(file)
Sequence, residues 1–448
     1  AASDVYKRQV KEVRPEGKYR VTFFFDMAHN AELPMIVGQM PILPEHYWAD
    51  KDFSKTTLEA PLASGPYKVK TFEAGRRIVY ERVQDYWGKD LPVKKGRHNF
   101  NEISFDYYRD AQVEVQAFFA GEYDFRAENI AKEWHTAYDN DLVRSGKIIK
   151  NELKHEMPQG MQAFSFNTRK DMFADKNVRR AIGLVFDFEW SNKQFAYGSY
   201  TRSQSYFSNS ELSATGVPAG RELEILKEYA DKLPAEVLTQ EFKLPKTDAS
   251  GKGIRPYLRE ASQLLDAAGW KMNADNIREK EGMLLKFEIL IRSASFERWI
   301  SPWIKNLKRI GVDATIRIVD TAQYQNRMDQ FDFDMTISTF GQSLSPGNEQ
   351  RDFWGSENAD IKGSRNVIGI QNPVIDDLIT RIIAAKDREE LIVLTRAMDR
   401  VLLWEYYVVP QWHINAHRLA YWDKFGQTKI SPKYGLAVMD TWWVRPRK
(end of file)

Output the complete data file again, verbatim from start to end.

Sequence, residues 1–448
     1  AASDVYKRQV KEVRPEGKYR VTFFFDMAHN AELPMIVGQM PILPEHYWAD
    51  KDFSKTTLEA PLASGPYKVK TFEAGRRIVY ERVQDYWGKD LPVKKGRHNF
   101  NEISFDYYRD AQVEVQAFFA GEYDFRAENI AKEWHTAYDN DLVRSGKIIK
   151  NELKHEMPQG MQAFSFNTRK DMFADKNVRR AIGLVFDFEW SNKQFAYGSY
   201  TRSQSYFSNS ELSATGVPAG RELEILKEYA DKLPAEVLTQ EFKLPKTDAS
   251  GKGIRPYLRE ASQLLDAAGW KMNADNIREK EGMLLKFEIL IRSASFERWI
   301  SPWIKNLKRI GVDATIRIVD TAQYQNRMDQ FDFDMTISTF GQSLSPGNEQ
   351  RDFWGSENAD IKGSRNVIGI QNPVIDDLIT RIIAAKDREE LIVLTRAMDR
   401  VLLWEYYVVP QWHINAHRLA YWDKFGQTKI SPKYGLAVMD TWWVRPRK